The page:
When two or three kinds of an antimony compound, a germanium compound and a titanium compound are used in combination as a polymerization catalyst, at least one compound is added in such a manner that its content satisfies the above-mentioned lower limit and all compounds satisfy the above-mentioned upper limit.

When the contents of an antimony compound, a germanium compound and a titanium compound are all lower than the above-defined range, polyester cannot be polymerized at a sufficiently high degree (i.e., intrinsic viscosity of not less than 0.70 dl/g cannot be achieved), and the productivity decreases dramatically. When the content of any of the compounds is higher than the above-defined range, thermal decomposition of the polyester occurs during subsequent forming of the polyester chip (particularly during film forming), making stable forming unattainable, and the quality of the resulting subsequently formed products is degraded.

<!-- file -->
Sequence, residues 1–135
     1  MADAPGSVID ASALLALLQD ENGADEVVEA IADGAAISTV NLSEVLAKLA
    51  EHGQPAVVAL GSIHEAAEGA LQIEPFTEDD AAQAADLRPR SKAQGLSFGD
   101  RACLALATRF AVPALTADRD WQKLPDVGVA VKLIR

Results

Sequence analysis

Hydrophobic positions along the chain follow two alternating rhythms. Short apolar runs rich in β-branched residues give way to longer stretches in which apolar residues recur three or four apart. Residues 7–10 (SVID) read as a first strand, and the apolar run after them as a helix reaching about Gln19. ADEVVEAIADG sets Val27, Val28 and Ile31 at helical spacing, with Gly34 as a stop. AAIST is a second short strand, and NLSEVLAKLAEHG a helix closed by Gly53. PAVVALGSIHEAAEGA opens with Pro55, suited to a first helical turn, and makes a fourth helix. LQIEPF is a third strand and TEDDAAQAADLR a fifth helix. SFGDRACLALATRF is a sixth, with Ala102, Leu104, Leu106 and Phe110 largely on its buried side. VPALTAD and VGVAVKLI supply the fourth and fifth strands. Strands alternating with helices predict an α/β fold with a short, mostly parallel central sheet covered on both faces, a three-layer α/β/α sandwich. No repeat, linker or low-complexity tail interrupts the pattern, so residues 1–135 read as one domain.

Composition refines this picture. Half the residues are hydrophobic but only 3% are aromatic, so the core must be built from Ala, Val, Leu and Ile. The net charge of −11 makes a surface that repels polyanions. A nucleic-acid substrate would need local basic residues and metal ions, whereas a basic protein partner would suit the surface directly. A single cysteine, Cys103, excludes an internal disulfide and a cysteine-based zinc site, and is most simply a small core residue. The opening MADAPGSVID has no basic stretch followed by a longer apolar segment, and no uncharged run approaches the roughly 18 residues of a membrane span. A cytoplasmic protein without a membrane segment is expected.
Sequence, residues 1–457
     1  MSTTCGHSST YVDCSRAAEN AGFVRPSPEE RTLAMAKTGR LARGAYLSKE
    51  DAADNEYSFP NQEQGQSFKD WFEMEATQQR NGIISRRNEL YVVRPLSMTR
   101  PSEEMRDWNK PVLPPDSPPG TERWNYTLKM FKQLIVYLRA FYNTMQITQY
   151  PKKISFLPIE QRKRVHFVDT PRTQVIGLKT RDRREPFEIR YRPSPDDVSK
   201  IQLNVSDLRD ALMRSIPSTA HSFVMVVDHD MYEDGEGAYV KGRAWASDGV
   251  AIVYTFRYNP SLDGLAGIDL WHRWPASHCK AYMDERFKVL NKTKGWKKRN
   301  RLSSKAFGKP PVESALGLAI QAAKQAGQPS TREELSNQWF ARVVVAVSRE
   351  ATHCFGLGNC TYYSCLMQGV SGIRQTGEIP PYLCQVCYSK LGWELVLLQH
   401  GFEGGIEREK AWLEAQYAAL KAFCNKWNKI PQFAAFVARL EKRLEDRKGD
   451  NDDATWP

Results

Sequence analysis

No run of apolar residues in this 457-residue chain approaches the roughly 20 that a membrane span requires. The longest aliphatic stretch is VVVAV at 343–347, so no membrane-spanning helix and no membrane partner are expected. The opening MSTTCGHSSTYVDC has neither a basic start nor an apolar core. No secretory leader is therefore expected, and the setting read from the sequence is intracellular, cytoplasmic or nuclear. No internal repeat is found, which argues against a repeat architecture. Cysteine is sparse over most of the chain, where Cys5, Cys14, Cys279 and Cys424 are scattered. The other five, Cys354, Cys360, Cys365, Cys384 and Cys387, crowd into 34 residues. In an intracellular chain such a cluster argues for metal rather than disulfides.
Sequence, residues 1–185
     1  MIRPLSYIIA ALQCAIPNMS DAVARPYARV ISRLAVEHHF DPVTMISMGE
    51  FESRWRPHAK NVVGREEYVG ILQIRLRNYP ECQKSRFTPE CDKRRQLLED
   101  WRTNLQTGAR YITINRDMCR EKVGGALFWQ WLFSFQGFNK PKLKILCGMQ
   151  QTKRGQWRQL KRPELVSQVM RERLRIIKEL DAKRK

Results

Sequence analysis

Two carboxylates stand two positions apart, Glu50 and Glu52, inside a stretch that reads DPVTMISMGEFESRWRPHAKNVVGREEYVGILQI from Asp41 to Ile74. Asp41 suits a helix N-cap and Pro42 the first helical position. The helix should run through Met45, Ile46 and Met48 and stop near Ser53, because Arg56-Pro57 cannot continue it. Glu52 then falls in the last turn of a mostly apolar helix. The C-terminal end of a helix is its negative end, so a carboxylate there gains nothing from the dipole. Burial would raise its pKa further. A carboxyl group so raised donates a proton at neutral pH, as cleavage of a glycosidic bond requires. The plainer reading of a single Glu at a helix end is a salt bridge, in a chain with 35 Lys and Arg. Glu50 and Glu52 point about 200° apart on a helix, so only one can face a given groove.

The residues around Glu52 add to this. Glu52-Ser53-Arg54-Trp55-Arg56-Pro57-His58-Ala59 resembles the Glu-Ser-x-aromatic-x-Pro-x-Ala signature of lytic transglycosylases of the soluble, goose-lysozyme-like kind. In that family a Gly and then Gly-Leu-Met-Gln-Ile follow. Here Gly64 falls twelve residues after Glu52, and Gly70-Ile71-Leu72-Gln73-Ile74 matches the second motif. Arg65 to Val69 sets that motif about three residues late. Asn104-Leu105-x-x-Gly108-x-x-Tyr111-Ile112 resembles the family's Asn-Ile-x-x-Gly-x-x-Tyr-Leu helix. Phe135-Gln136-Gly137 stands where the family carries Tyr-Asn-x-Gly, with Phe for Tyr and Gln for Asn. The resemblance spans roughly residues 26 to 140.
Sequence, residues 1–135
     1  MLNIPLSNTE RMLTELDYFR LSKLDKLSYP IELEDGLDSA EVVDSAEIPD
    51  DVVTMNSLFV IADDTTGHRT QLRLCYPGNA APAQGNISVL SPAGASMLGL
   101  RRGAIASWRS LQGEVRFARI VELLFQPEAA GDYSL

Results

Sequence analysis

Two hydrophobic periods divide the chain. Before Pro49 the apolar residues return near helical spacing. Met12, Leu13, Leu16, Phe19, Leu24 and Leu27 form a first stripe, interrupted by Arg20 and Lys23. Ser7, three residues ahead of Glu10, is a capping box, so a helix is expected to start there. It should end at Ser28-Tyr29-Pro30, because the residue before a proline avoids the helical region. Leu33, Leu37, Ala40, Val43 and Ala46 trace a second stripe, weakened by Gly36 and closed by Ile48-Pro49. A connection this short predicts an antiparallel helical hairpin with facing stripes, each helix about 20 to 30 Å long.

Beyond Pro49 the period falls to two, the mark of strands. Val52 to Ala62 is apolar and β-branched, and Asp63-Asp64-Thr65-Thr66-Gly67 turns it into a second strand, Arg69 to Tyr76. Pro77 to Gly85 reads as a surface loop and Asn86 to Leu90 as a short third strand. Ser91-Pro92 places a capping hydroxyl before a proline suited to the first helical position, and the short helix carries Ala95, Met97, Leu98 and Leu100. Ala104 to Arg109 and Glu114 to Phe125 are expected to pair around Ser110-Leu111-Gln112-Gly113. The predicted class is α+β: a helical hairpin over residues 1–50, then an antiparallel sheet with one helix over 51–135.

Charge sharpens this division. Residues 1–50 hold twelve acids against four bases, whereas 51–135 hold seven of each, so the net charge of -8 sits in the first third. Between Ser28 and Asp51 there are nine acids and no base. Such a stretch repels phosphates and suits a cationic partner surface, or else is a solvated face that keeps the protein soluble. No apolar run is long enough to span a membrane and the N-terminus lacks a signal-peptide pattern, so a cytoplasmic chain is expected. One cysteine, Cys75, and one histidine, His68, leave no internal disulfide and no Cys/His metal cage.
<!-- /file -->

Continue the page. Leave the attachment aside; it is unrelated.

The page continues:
In the first copolymerized polyester chip comprising the major repeating unit consisting of the ethylene terephthalate, and 1,4-dimethylene-cyclohexane terephthalate or neopentyl terephthalate, it is important that melt specific resistance (hereinafter sometimes to be abbreviated as pi) of polyester at 275° C. be 0.1×108 to 0.75×108 Ω·cm (preferably 0.15×108 to 0.30×108 Ω·cm) to show fine electrostatic adhesion during subsequent film forming (manufacture of film) process by a electrostatic adhesion casting method.

That is, a polyester film is generally subsequently obtained by biaxial stretching after melt extrusion of polyester. To be specific, a sheet-like product of polyester melt extruded by an extruder is taken up in close adhesion to the surface of a rolling cooling drum, then the sheet-like product is led to a stretching roll set on a subsequent stage of a cooling drum to perform longitudinal stretching, transversely stretched on a tenter, and thermally cured (heat set) to give a polyester film.